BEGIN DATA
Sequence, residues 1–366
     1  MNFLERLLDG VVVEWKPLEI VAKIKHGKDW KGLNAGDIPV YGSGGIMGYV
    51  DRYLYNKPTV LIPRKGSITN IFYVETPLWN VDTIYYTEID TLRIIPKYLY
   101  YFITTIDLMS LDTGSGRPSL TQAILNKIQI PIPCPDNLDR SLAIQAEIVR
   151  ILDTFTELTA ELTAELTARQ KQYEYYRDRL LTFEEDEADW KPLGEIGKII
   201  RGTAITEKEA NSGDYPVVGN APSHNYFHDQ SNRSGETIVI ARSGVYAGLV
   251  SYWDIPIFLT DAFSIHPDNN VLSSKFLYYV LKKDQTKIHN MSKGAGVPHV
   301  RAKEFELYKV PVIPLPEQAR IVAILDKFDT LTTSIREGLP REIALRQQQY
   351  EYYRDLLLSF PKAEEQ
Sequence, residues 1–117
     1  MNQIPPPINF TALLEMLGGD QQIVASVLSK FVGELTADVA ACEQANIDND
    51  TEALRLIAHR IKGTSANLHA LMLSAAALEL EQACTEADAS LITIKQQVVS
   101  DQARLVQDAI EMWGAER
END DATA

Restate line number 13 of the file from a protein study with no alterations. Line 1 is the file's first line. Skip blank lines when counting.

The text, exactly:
   101  DQARLVQDAI EMWGAER